Albinism, hypomelanosis disorders, are of several types and basically all types are caused by genetic defects. There are 15 genetic locations in the chromosomes, the defects of which are associated with albinism. Oculocutaneous type of albinism involves hypomelanosis of eyes (ocular), skin (cutaneous) and hair. The mutation of GPR143 gene on X chromosome causes ocular albinism (OA1).

For more information read 'Types of albinism disorders'.

Idiopathic guttate hypomelanosis

Idiopathic guttate hypomelanosis are very common hypopigmentation spots seen usually on the exposed parts of the body like shin and forearm. These hypomelanosis spots are drop-like in appearance and are small in size (2-5 mm). These hypopigmentation white spots begin to appear around the age of 30 years and are found to affect far more women than men.

For more information read 'idiopathic guttate hypomelanosis'.

Idiopathic guttate hypomelanosis - causes

The causes for this hypopigmentation disorder are not exactly known. As these hypomelanosis white spots are generally found on the exposed parts of the body, one possible cause may be excessive exposure to sunlight. These spots start appearing in the late twenties and early thirties. Hence, aging process could be one of the possible causes of hypomelanosis.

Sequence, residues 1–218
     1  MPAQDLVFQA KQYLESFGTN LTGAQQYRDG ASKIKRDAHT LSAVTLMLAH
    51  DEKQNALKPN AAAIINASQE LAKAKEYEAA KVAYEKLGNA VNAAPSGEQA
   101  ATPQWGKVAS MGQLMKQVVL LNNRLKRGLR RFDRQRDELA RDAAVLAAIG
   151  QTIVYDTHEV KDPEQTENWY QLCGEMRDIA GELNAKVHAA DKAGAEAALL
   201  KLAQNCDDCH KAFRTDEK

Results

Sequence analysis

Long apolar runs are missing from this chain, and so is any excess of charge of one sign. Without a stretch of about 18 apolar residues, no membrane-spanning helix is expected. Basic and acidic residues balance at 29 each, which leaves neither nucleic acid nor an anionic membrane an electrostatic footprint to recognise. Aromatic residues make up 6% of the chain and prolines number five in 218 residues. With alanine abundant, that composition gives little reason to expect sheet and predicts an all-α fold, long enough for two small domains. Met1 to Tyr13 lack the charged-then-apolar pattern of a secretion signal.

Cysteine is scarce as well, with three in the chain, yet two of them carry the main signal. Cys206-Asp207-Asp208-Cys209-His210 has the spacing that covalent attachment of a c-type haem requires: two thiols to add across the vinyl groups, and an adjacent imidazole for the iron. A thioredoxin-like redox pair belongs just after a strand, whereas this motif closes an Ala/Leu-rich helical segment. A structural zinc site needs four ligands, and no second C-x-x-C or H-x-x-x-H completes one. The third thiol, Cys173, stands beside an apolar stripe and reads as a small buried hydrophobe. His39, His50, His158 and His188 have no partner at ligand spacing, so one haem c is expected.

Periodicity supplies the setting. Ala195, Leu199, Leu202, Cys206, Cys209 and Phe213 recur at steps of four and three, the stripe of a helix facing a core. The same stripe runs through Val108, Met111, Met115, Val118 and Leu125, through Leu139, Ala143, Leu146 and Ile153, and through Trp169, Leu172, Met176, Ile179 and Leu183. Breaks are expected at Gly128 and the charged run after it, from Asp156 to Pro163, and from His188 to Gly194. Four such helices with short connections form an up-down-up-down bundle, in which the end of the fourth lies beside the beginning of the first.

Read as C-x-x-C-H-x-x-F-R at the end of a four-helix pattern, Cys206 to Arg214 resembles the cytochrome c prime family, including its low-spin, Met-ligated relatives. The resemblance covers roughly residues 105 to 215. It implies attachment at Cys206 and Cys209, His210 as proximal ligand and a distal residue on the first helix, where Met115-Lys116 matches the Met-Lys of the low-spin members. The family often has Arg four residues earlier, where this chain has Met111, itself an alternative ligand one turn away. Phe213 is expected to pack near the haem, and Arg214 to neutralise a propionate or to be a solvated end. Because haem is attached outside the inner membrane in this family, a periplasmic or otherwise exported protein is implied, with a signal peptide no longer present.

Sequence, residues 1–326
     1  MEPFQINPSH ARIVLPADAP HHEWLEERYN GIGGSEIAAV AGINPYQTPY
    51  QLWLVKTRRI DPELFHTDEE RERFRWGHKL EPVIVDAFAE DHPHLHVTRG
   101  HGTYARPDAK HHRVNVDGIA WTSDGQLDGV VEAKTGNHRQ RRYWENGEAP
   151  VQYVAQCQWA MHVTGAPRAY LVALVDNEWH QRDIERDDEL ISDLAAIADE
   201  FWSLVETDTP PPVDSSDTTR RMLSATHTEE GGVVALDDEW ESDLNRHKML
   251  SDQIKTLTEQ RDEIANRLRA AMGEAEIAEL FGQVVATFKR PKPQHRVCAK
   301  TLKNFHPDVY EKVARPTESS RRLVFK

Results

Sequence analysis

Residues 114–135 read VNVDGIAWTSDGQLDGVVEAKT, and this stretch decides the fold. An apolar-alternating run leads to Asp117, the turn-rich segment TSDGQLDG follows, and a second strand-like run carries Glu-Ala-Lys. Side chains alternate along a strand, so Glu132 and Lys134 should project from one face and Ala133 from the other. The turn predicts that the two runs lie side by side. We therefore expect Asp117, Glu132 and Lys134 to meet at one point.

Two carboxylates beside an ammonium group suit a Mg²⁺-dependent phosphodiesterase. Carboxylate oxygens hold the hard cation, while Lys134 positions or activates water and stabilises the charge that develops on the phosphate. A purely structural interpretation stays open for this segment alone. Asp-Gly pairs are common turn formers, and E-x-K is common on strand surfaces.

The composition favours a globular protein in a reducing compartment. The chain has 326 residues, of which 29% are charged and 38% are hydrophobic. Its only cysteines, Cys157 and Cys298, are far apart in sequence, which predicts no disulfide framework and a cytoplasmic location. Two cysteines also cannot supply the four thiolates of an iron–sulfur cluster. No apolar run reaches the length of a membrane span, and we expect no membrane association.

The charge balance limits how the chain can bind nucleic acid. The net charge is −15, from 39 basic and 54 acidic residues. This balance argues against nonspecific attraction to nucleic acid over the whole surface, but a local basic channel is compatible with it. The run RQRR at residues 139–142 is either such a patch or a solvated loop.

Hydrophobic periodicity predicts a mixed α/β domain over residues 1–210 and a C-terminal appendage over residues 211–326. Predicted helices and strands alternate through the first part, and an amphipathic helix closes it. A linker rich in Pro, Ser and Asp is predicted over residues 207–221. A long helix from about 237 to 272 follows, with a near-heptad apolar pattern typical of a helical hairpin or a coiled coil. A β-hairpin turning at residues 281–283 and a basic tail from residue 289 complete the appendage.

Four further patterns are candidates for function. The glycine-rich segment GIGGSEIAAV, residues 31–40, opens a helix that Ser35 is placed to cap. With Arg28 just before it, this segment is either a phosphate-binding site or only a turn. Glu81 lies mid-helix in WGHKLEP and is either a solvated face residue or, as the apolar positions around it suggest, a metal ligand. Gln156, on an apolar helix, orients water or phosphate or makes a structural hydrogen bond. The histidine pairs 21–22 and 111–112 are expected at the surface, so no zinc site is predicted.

For more information read 'idiopathic guttate hypomelanosis causes'.

Idiopathic guttate hypomelanosis - treatment

These hypopigmentation white spots are harmless and do not require any treatment. However for individuals conscious about aesthetic appearance treatments for hypomelanosis are available. Treatments includes application of topical steroids or retinoids, dermabrasion or microdermabrasion, cryotherapy, cosmetic cover-up, surgery and grafting.

For more information read 'idiopathic guttate hypomelanosis treatment'.

Nevus depigmentosus

Nevus depigmentosus is white spot with hypopigmentation. Nevus depigmentosus is congenital, benign and non progressive. These patches usually appear on the trunk, hands and feet. In most of the cases they are present at the time of birth. Functional and morphological anomalies of melanocytes and melanosomes appear to cause this condition.